For example, if you look at my likes page, you can see I really enjoy Sightglass Coffee (so much so I have it shipped to me from San Francisco), but why in the world would you already know that when cold pitching me?
However, since I do like TechCrunch, it might make sense to cite a TechCrunch article as a reference for whatever contact pitch you’re using – as I probably see that as a place with quality writing, and one that I might trust as a reference if you pass along a positive press piece about your company.
Similarly, the quick bio snapshot helps us gleam quick data points about a person – their personality, where they live, where they went to school and for what subject, and a general estimation of their age.
If you really want to get crazy, you can explore any employee’s photos as well, allowing you to learn more about personality and interests.
Benefits for Outreach – Contact Finding
For larger companies, using the Facebook Graph Search refinement functionality to find the right person is essential. For example, if I wanted to get press from a writer from The New York Times, I’d use the advanced search functionality to refine things to job descriptions that make sense – such as “columnist”, “editor”, “writer”, and etc. You can refine the search in crazy ways, although you probably won’t need to for this kind of process.
If you’re having difficulty finding the person you want at a big company, sometimes the best bet is to start on another profile. It is likely that however a person defines themselves on LinkedIn will also be how they describe themselves on Facebook, so simply search for their title there back on Facebook in order to find them. Of course, this is rather time intensive, so make sure you are undergoing this process only for truly high-value prospects you want more detail on before contacting.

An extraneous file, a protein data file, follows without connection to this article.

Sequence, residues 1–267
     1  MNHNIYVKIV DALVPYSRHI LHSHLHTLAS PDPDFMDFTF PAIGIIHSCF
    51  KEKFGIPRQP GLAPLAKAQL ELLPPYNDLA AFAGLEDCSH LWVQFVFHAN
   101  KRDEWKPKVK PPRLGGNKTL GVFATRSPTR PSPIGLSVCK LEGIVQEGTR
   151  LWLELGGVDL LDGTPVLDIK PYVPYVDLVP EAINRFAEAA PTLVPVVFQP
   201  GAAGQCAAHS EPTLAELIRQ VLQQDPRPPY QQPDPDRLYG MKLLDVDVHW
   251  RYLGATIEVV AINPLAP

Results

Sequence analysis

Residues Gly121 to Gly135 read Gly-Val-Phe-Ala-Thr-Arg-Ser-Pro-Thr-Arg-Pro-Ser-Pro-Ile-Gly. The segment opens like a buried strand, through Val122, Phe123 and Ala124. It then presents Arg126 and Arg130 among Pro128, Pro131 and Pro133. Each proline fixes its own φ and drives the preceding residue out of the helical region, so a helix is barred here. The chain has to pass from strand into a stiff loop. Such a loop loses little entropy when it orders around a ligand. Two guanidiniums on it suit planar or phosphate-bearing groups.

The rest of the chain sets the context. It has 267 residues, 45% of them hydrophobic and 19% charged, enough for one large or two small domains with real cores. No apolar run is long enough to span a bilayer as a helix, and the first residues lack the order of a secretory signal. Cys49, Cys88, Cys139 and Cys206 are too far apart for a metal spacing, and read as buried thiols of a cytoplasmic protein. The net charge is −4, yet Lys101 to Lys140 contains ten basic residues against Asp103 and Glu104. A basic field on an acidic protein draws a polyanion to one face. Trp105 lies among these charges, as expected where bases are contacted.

When exploring users “About” pages on Facebook, you’ll get their related information and contact data, when they list it. Sometimes, Google can be rough for finding the appropriate contact data or the websites of many of these people, so Facebook is a nice alternative for locating publicy available information.
For example, here, I find the contact e-mail of a freelance writer at VentureBeat. If that wasn’t available, I might use the additional links he offers as warm leads into finding his direct e-mail address.
Advanced Intelligence Gathering
At its core, Facebook Graph Search’s biggest new advantage is for intelligence gathering. Never have we been able to gather as much data, in an easy way, about a company and its employees as we can now, all in one place.
We can slice and dice this data in various ways – whether it’s finding a specific employee or position at a big company, or adding detail to someone we already know about, or learning more about the person about to interview us at a company – there is really quite a diversity of uses for this new, easily accesible information.
However, the ethics of this knowledge being publicly available – and easily searchable – is debatable, and it is a debate that may just arise with the arrival of these kinds of capabilities. Until that negative pushback gets loud enough to create change, though, Facebook Graph Search should be an essential part of every digital marketer’s toolkit.
For now, I’m mostly interested in additional ways Facebook Graph Search might be helpful to businesses online. Are you already using it to your benefit? How will you in the future? What are the weaknesses? I’d love to hear your feedback in the comments. And if you don’t have access yet, I really suggest you ask for Beta access immediately.